HC Deb 16 February 1970 vol 796 cc22-3
34. Mr. Bryan

asked the Minister of Posts and Telecommunications in what respects circumstances have changed since 7th March, 1968, so as to enable him to authorise the use of medium-wave frequencies for local radio, in view of the Ministerial conclusion reached at that time that such use was impracticable.

Mr. Stonehouse

The B.B.C. is to stop broadcasting the English Regional versions on Radio 4. Frequencies now used for this purpose can then be redeployed to provide a supporting service for local radio stations.

Mr. Bryan

Is the right hon. Gentleman first of all saying that, therefore, the statement by his predecessor on 7th March, 1968, when he said that the use of medium wavelengths …is not On"—[OFFICIAL REPORT, 7th March, 1968; Vol. 760, c. 641.] was incorrect? Secondly, is he saying that his own speech on 15th March last was wrong, when he must have had some idea of what the programme was to be with the B.B.C. but he poured scorn on the use of medium-waves? Was he wrong then?

Mr. Stonehouse

I think the statement by my right hon. Friend the Member for Newcastle-upon-Tyne, Central (Mr. Edward Short), and mine of last year, were quite correct. The position is that the number of medium frequencies required by the B.B.C. for its regional programmes has been reduced, and it is these medium frequencies it is now going to use in the extension of its service. There is no question of the original statements being incorrect.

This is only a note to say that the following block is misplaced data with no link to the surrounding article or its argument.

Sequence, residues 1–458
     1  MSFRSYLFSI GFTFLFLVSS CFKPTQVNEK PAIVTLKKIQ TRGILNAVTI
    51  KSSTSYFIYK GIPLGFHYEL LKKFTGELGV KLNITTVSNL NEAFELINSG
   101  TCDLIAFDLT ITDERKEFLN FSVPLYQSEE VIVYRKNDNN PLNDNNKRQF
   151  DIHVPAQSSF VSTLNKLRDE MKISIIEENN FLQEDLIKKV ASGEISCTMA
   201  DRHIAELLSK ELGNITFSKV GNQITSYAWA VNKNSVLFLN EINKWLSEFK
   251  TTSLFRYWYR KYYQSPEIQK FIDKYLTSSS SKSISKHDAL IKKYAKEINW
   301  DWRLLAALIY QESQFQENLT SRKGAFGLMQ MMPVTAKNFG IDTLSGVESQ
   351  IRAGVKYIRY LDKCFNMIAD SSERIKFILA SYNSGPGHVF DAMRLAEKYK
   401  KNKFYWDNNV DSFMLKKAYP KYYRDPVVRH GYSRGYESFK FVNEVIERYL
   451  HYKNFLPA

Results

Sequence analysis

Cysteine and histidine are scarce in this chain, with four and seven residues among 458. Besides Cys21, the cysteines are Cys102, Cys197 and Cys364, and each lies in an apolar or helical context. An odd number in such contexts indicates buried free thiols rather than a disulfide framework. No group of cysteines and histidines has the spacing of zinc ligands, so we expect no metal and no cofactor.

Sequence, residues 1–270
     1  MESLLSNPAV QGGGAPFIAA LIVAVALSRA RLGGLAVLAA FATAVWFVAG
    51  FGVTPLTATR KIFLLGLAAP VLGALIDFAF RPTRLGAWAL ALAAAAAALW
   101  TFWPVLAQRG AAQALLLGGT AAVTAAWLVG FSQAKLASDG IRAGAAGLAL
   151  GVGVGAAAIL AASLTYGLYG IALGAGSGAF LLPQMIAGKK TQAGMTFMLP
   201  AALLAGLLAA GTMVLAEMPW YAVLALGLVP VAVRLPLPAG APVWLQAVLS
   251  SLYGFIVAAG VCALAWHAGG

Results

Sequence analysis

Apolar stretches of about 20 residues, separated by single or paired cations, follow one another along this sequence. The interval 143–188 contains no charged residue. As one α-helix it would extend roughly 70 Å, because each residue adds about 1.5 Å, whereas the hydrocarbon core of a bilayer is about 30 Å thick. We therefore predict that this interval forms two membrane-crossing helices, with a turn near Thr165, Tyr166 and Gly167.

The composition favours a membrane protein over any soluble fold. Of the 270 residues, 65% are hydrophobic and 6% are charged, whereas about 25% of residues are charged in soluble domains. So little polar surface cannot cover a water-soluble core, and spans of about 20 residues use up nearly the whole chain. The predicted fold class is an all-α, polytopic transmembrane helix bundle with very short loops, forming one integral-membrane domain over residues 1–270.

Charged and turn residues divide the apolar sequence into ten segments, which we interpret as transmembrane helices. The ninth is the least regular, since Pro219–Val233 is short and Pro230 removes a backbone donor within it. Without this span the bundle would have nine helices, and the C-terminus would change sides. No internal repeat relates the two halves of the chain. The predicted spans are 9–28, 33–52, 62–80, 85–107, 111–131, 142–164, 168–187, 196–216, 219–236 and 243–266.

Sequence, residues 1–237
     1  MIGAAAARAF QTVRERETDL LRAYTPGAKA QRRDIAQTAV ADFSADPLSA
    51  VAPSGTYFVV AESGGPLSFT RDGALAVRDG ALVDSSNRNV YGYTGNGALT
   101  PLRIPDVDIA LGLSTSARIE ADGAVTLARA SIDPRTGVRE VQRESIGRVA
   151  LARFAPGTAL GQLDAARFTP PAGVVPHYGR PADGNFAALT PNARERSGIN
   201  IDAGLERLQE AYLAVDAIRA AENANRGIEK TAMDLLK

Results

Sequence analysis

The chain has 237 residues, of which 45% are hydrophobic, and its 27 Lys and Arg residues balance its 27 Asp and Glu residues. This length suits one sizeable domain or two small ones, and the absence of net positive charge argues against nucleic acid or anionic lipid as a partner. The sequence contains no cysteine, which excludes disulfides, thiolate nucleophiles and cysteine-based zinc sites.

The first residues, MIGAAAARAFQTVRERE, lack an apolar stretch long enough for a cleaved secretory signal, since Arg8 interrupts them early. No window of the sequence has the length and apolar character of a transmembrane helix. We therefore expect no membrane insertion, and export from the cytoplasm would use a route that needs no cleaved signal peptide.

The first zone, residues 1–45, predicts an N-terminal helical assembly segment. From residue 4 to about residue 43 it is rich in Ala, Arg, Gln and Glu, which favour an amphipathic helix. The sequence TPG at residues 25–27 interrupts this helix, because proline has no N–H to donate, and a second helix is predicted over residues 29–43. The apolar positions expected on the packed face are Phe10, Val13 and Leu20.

Captain Orr

Would the Minister say to what extent this redeployment of medium-wave frequencies requires the consent of the European Telecommunications Convention or whatever it calls itself? In making representations to that body will he consult the Frequency Advisory Committee first?

Mr. Stonehouse

We do not have to invite approval as these frequencies are already assigned for United Kingdom use.

46. Mr. Mawby

asked the Minister of Posts and Telecommunications if, in the light of his approval of the use of medium wave for British Broadcasting Corporation local broadcasting, there is any technical reason for refusing other broadcasting stations on medium wave.

Mr. Stonehouse

The use of medium frequencies at the B.B.C.'s local radio stations does not preclude the use of medium frequencies at other broadcasting stations. I am considering how the B.B.C. can best employ them.

Mr. Mawby

Does the right hon. Gentleman realise that all the Answers which he has given me only result in confusion about the use of medium-wave bands? Is he aware that there are already 12 stations broadcasting different programmes on 202 metres, yet apparently one station does not interfere with another? This does not seem to be consistent with his replies to me earlier that we cannot operate more than one station on a particular wave-band.

Mr. Stonehouse

I did not say that. What I said was that if we continued to use medium-wave frequencies during the hours of darkness there would be severe interference not only with our own stations but also with those elsewhere in Europe.